The Benefits of Silence for Body and Mind

Television. Radio. YouTube. Podcasts. Ringing phones. The ping of incoming emails and texts. Conversations with coworkers, family, and friends. Lawnmowers. Garbage trucks. Airplanes overhead. We live in a world of perpetual sound.

But at what cost? A study by the World Health Organization and the European Commission’s Joint Research Centre concluded that a steady dose of noise pollution could lead to higher blood pressure and fatal heart attacks, while another found high rates of cholesterol and hypertension in individuals regularly exposed to loud noises at work.

In addition, the steady stream of auditory stimuli keeps our focus on the external world and makes it harder for us to turn our attention inward. In contrast, taking time to be silent—whether in meditation, in the car, or lounging in a hot bath after a long day—offers a bevy of benefits for body and mind. Here are a few.

Health and Wellness

Just as noise triggers a range of detrimental effects on the body’s systems, silence can help heal those challenges. Studies show that silence can actually stimulate new cell growth in the brain, improve memory, and release tension in the brain and body. In fact, a study in the journal Heart concluded that two minutes of silence is more effective in relieving physical tension than listening to relaxing music. Moreover, a 2015 study published in JAMA Internal Medicine found that spending some time each day in silence, specifically in mindfulness meditation, reduced insomnia and fatigue in older adults.


When we take time to be silent, opportunities to get to know ourselves multiply. “Generally, when you allow some time for silence, you can be more aware of the subtle details of experience,” explains Steven Leonard, Lead Faculty member at Kripalu. “It’s common to be constantly moving and shifting awareness from one thing to another, but then you’re just on the surface of your experience. When we’re only on the surface of experience, we tend to be pushed and pulled by our most unconscious patterns. The most beneficial benefit of silence is that it helps you get to know yourself in a more intimate and satisfying way.”

Enhanced Creativity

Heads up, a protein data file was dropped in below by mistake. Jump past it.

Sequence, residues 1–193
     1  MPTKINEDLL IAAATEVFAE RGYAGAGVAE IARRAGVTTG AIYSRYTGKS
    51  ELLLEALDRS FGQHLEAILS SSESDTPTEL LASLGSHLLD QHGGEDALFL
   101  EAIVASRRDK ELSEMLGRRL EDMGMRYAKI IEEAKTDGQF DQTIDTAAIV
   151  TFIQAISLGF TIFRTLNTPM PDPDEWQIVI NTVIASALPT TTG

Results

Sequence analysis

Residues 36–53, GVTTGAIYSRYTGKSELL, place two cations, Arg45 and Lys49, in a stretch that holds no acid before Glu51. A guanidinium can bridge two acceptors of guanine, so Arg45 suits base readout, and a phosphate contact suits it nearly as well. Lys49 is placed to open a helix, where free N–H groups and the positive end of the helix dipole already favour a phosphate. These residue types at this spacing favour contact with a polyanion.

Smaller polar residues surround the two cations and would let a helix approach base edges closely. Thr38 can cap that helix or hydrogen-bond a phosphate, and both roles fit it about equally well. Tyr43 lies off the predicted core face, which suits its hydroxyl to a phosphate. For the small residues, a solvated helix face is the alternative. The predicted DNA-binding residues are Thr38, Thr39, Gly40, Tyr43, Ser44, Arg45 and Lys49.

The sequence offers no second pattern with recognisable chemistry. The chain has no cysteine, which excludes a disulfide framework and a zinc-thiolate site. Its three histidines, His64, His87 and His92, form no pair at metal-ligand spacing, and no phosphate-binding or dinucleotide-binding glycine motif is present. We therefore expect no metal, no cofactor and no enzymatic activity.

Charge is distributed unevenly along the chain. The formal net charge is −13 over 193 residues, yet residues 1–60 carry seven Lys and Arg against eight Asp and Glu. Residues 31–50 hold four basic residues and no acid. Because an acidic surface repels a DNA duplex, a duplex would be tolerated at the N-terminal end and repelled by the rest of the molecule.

Silence opens the door for us to daydream, fantasize, and imagine more easily than when we’re overloaded with sensory input. Myriad streams of thoughts, feelings, ideas, and memories are more likely to emerge when we disengage from external stimuli. We may find solutions to problems we’ve been grappling with for a while, or we may feel inspired to create something new.

Better Relationships

How often, in a conversation, are you waiting for your turn to talk rather than really listening to what the other person is saying? Learning to be comfortable with silence trains us to focus on the people in front of us, so we can really absorb what a friend, colleague, or partner is saying before jumping in with our own thoughts. We may see that other person in a way we haven’t before. When we consciously practice silence and deep listening in our relationships—even just for moments here and there—we may feel more compassion and empathy for the people in our lives.


Reflecting on our experiences and what they might be teaching us or mirroring to us is another benefit of dropping into quiet. Silent Breakfast at Kripalu encourages inner stillness, as guests enjoy the first meal of the day without the distraction of conversation. “After taking a yoga class in the morning,” Steven notes, “many people feel a heightened sense of energy, aliveness, or contentment. One of the reasons for Silent Breakfast is for individuals to extend their yoga beyond the mat and reflect on the experiences and insights that may have come from their practice. It’s also just nice to start the day in a quiet and calm way, without feeling the need to talk and chew at the same time.”


When we put a pause on auditory stimulation, it’s easier to hear our intuition—to become acquainted with the still, small voice inside that’s always whispering to us but that we can’t hear when our ears are tuned outside us. “There’s a Zen poem that says, ‘The truth is so clear that it’s hard to see,’” Steven says, noting silence’s ability to help us tap into our wisdom wells. “Practicing silence allows us to see the truth that’s sometimes clouded by conversation, technology, and noise.”

Simply Being

Finally, one of the most enjoyable benefits of silence is that it offers us the opportunity to put our endless to-do lists on hold and just be. “Silence feels like the most honest and natural version of myself, because I’m not trying to do or be anything in particular,” Steven concludes. “Developing that ability makes it possible for me to feel at home in the world, wherever I am.”